The UK Government is providing £16m in funding to hospitals across England to introduce digital prescribing.
Patients and staff across 16 hospitals in England are to benefit from single electronic hospital patient records that will see the introduction of ‘e-prescribing’, which has already helped to improve patient safety.
Medical staff will now be able to access information on prescribed medicines and patient history, reducing reliance on handwritten notes and preventing medication errors by up to 30% compared to paper systems.
Digital system by 2024
The funding is part of a £78m investment effort to eliminate paper systems and introduce digital prescribing across the entire NHS by 2024 – part of the NHS Long Term Plan.
Minister for Patient Safety, Nadine Dorries said: “We are determined to make the NHS the safest healthcare system in the world. The introduction of digital prescribing systems has helped us reduce potentially deadly medication errors and save our hard-working staff valuable time, enabling them to dedicate their full attention and care to patients.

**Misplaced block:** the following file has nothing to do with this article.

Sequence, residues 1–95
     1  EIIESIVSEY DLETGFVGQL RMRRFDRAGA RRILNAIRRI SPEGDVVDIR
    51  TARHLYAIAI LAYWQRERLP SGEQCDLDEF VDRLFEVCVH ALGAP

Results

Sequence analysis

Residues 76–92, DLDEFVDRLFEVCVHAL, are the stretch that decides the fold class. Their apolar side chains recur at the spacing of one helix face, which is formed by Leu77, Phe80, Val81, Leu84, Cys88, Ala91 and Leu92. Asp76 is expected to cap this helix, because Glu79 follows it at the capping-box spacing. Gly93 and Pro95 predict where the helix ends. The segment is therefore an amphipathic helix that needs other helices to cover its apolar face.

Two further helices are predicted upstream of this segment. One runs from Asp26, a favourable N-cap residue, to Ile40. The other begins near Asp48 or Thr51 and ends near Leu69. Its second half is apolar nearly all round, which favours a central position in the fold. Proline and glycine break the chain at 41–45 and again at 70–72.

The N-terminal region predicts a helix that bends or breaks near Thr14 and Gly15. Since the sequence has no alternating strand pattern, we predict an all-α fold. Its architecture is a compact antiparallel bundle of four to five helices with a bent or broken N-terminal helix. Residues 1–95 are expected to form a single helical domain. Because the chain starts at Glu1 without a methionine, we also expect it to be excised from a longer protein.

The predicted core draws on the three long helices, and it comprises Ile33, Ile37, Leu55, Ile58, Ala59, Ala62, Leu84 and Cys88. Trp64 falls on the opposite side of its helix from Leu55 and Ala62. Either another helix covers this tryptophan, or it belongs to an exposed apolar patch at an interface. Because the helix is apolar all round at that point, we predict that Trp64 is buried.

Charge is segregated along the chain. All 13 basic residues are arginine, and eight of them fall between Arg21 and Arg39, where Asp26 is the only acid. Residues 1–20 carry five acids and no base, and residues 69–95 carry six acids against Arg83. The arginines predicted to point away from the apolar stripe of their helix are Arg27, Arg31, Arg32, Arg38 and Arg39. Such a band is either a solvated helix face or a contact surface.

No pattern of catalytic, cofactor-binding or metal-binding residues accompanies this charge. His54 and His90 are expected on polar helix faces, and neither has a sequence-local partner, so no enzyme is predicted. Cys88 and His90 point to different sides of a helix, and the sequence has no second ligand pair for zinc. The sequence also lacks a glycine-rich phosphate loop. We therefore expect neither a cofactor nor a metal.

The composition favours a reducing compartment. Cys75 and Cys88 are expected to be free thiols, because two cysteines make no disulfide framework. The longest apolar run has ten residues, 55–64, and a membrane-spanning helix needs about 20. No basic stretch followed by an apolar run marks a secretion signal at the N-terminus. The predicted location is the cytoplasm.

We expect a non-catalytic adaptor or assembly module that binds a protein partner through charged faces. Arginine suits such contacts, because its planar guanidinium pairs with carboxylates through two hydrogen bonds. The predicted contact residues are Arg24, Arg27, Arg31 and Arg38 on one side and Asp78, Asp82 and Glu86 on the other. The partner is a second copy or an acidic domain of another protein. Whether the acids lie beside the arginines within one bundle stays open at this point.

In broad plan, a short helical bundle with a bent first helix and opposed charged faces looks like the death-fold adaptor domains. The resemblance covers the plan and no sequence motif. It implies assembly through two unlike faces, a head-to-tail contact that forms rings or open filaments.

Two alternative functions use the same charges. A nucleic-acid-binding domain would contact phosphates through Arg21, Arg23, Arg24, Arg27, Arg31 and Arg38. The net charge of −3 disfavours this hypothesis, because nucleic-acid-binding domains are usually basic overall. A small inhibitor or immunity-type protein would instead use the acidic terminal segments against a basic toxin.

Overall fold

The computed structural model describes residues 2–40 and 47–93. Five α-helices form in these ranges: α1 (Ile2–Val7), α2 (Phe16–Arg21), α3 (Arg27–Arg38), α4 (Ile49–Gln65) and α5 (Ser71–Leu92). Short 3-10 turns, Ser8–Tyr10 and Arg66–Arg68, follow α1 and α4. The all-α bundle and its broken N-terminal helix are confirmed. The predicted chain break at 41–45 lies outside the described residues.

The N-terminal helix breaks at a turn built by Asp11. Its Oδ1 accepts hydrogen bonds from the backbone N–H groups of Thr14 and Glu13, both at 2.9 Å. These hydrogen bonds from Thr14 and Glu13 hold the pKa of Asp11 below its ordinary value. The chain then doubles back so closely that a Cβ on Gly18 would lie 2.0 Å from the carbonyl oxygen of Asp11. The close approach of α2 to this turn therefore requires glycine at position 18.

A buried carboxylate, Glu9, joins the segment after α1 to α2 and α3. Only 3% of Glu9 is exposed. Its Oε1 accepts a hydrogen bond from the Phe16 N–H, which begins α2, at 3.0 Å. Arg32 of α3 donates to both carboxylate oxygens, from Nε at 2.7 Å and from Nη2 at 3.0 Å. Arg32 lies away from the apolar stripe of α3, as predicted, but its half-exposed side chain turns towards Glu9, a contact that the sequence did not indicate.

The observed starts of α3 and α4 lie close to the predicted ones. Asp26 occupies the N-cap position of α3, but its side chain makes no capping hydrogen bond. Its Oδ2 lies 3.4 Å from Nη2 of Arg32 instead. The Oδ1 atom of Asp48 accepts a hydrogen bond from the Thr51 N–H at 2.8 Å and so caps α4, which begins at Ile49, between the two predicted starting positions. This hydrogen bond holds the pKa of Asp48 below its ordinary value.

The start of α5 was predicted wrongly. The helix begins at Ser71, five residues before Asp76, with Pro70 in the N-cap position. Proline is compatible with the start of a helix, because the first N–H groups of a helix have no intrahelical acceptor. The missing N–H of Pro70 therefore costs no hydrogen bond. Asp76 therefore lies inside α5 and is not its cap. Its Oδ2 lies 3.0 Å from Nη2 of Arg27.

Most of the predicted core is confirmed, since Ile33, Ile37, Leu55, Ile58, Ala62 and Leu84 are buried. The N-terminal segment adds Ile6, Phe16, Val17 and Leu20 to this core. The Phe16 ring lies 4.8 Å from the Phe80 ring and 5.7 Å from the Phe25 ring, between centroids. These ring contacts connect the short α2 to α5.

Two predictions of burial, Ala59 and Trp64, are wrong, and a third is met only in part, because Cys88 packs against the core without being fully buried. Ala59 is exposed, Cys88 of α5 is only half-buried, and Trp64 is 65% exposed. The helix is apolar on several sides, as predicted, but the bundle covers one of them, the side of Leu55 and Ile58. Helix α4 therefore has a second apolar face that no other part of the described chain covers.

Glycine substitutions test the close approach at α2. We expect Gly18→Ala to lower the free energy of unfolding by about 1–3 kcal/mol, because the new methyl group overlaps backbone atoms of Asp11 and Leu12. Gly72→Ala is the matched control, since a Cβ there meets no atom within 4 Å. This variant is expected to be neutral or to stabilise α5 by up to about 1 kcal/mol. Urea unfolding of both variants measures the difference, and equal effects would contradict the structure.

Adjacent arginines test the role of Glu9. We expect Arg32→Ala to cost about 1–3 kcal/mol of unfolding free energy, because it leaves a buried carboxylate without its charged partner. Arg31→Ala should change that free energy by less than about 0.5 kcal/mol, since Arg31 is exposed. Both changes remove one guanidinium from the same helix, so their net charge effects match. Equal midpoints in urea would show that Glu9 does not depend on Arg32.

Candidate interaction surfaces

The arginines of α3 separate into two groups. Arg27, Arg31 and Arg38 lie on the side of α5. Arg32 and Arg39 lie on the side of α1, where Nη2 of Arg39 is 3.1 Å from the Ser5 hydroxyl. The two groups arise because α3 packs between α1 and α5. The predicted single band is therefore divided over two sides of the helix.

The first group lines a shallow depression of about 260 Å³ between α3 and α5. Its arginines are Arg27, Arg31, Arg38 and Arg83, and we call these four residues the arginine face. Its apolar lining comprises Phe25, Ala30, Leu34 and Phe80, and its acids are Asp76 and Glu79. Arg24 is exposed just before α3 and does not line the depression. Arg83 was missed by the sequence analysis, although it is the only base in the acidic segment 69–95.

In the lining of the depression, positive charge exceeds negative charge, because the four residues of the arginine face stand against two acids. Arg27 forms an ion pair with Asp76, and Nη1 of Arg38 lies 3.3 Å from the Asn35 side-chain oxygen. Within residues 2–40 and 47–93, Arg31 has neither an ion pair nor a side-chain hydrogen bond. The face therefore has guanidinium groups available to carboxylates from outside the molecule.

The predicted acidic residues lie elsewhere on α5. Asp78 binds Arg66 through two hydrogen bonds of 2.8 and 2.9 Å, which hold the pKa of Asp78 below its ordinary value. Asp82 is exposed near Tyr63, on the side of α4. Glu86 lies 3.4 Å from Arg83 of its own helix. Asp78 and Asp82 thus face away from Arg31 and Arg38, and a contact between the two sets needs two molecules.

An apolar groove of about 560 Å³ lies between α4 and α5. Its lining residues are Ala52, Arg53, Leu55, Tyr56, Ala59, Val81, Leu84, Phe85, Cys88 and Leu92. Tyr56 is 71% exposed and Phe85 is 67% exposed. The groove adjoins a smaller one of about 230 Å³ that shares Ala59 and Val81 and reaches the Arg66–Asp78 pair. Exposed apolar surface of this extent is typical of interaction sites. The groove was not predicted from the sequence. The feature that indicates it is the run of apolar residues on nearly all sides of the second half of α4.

“As we enter what is set to be a challenging winter, the best way we can continue to protect patients and staff is if we all work together and continue to follow the national restrictions to suppress the virus.”
Dr Paul Curley, Deputy Medical Director and Chief Clinical Information Officer at Mid Yorkshire Hospitals NHS Trust, which received £1.6m in 2018, said: “At the Mid Yorkshire Hospitals NHS Trust we successfully implemented eMeds, our ePMA system. eMeds has revolutionised prescribing and improved medicines safety across the trust, and a number of benefits have been realised including high staff satisfaction levels, greater visibility of prescriptions and reduced prescribing errors.
“We deployed eMeds at significant pace across three hospital sites in 10 months, against a planned implementation period of 24 months. We believe that our ePMA project has been one of our most successful implementations and was driven by the objective of clinical improvement. It was completed only months before the COVID-19 pandemic and so was hugely beneficial for our overall response.”